Outdoor sports complex plans back before city council

Yukon’s soccer community will be keeping a close eye on tonight’s Whitehorse city council meeting.

Yukon’s soccer community will be keeping a close eye on tonight’s Whitehorse city council meeting.

That’s because members of council will be voting on whether or not they want to discuss the Whistle Bend outdoor sports complex at a meeting in January.

In April, council defeated the voting amendment bylaw that would have given the Yukon government permission to build two full artificial turf fields, a rubberized track, bleachers and changing rooms.

According to council’s procedures bylaw, no decision can be reversed, rescinded or reconsidered for a period of one year unless a written notice of motion is provided, and a minimum of four members vote in favour of the reversal.

Councillor Samson Hartland introduced a notice of motion to bring the issue back to the table on Nov. 23. Tonight, he needs three more votes in order to see the bylaw discussed on Jan. 11.

If the motion is defeated, the situation remains as is and the bylaw is defeated.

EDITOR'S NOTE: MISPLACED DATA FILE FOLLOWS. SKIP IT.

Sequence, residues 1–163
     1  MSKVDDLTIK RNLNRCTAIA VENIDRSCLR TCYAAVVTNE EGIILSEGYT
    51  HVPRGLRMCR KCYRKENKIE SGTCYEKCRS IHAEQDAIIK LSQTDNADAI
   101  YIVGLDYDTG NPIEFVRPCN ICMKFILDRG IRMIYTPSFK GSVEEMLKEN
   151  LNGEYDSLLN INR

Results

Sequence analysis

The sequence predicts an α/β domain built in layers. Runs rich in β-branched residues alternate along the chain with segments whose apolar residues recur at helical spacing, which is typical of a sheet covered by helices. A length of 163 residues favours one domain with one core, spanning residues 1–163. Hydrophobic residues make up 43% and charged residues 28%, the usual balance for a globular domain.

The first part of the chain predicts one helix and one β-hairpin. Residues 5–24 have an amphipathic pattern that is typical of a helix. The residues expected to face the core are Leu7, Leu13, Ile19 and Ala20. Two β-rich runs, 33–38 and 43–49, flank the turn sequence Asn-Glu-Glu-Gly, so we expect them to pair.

Earlier this year, the Yukon Outdoor Sports Complex Association presented its plans to build a sports complex in the Whistle Bend subdivision. The Yukon government has remained committed financially to the first phase of the project.

The facility would be leased to the association, which would manage its day-to-day operations.

It also would be on the hook for the operations and maintenance costs. According to a proposal submitted by Associated Engineering, the cost to operate two fields and one track was estimated at $50,778 per year.

Members of council raised several concerns with the project from the start.

A big one is whether the city could end up on the hook if the newly formed group running the facility wound up in debt.

The Yukon government has promised to financially backstop the facility’s operations, but councillors raised doubts about whether that promise would hold under future governments.

In response to council’s concerns, the government indicated it was willing to scale down and scrap the second phase of the project, which would have featured a 2,000 square-foot multi-purpose building and courts for various user groups.

But that wasn’t enough to sway a majority of councillors in April.

In October, YOSCA President Tony Gaw held an open house to present site-specific plans to the public.

“The ultimate goal would be to have council approve the re-zoning amendment this winter so we can start clearing the land and get ready for construction next summer,” he said in November.

Gaw, former Whitehorse councillor Mike Gladish and Cali Battersby have registered as delegates to address the issue tonight.

Contact Myles Dolphin at


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